During the high-tech industry’s run in the 1990s, the former marketing executive who worked for Hewlett-Packard, among others, launched her San Jose-based online bakery business. What’s more, Lacey graced the November 2006 cover of Black Enterprise.
So, it was more than fitting for her to want to attend the first TechConneXt Summit in Silicon Valley. “I’m always looking to connect at all of these conferences,” says Lacy. “I also come to these conferences to get inspired by other entrepreneurs and to see what their social networking is all about, and to see what other technologies are out there.”
For the past five years she has been selling her brownies at the San Jose Giants Baseball Stadium. “We have come up with a sweet spot for the people attending the games, the players, and the coaches,” she says.
Lacy continues to reinvent herself and her business. When she first started the business, her signature heart-shaped brownies were a hit among chocolate lovers in the Valley, many of them former co-workers who sometimes requested up to 600 at a time. They were her primary target. But when the dot-com bubble burst, business fizzled. Layoffs and tighter budgets meant fewer calls for her desserts. Sales dropped approximately 50%.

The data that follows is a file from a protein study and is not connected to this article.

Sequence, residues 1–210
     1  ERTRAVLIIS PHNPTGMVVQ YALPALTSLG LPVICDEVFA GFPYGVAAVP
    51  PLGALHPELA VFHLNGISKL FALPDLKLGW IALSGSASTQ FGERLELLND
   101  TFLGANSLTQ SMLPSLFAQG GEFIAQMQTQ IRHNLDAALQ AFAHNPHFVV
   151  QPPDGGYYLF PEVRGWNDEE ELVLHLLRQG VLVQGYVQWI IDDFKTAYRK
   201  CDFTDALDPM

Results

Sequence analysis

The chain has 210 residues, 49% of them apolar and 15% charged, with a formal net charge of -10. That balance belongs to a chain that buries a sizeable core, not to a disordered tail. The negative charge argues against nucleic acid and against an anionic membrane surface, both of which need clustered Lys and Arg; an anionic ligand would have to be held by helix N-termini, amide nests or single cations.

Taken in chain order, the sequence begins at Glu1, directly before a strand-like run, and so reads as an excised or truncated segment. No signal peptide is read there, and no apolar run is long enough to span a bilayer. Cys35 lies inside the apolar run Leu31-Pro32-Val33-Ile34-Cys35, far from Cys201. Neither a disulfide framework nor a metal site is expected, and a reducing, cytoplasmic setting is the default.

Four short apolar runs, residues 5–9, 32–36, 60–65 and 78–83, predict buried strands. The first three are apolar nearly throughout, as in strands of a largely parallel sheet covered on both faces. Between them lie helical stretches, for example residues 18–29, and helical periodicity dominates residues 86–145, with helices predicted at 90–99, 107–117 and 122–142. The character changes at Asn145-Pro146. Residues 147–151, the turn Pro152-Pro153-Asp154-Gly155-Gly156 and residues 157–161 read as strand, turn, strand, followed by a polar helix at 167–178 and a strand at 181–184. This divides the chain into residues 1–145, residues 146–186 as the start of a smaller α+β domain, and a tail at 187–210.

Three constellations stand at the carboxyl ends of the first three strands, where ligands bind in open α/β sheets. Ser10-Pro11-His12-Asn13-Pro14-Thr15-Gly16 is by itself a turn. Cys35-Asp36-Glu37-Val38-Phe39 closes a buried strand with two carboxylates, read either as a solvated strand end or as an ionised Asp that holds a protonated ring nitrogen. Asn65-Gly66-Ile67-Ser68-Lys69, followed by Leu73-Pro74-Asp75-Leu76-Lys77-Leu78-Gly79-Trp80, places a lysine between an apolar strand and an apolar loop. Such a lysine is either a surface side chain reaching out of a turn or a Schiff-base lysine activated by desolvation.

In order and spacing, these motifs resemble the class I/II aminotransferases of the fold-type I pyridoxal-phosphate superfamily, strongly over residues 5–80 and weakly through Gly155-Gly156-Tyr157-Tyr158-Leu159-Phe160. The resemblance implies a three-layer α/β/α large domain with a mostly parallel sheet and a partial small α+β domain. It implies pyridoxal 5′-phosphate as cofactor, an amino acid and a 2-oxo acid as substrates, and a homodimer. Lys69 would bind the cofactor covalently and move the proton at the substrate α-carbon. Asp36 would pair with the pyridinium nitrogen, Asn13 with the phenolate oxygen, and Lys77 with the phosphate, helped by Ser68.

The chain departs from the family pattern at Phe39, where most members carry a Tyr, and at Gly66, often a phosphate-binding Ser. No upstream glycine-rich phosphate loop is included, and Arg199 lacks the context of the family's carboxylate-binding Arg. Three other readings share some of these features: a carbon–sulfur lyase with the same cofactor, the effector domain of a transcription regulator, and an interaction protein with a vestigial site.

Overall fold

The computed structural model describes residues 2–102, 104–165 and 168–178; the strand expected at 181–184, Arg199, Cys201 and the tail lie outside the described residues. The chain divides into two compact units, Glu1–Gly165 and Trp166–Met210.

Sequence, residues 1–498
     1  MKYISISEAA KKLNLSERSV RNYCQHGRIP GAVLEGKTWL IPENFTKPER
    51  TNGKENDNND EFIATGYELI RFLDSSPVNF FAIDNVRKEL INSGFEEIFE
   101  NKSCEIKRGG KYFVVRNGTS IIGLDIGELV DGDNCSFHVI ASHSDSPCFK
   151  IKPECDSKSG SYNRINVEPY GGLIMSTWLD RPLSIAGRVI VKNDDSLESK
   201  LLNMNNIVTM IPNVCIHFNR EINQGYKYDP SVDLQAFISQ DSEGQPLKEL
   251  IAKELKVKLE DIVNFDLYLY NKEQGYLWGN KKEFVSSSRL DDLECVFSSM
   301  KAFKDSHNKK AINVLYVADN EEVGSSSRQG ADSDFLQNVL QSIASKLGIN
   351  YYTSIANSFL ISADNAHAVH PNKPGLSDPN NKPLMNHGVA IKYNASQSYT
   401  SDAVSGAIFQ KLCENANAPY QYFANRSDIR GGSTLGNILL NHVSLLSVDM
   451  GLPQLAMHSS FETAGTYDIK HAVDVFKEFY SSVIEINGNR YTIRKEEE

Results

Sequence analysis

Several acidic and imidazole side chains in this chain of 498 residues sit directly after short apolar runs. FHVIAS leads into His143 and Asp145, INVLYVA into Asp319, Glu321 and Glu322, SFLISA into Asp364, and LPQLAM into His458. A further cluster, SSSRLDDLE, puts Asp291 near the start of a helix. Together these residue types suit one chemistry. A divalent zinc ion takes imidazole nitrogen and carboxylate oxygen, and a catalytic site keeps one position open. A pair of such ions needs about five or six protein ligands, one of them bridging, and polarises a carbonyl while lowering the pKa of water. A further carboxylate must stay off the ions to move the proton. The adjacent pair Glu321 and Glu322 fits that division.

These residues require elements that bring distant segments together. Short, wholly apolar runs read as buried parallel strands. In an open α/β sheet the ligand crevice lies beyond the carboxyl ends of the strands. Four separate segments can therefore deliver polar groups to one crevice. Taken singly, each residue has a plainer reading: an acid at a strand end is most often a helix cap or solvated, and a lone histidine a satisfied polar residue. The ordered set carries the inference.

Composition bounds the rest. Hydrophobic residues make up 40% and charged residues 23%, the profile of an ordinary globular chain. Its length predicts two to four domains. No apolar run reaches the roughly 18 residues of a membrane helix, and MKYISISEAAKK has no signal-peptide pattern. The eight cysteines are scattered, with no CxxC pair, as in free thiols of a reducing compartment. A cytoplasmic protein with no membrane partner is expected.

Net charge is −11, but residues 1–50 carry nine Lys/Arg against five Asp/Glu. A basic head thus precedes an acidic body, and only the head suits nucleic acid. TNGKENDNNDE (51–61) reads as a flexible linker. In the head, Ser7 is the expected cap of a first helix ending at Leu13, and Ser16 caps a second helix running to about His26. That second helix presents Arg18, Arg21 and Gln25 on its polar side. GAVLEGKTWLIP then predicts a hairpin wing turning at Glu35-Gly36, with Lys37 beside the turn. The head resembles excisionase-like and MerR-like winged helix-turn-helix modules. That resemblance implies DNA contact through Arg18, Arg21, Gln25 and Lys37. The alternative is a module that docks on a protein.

But instead of shutting the oven off in defeat, Lacy re-branded herself by authoring and self-publishing Luv Story: From Homemade Brownies to My Own Internet Bakery about her journey to entrepreneurship. That book revived her business by providing working capital. Till this day, she has never had to seek outside investors; the business has paid for itself.
Lacy is currently working on a series of workshops for aspiring entrepreneurs based on her secondary literary offering, Brownie Points: Seven Steps to Success For Woman Entrepreneurs from One Who Made It. It is a greatly expanded new version of Luv Story; one in which she answers the many questions she is often asked during speaking engagements by young people who want to start their own businesses. Constantly seeking multiple streams of revenues, Lacy is focusing on providing more services to her customers. “It’s always a hustle,” notes Lacy. “That’s the life of the entrepreneur.”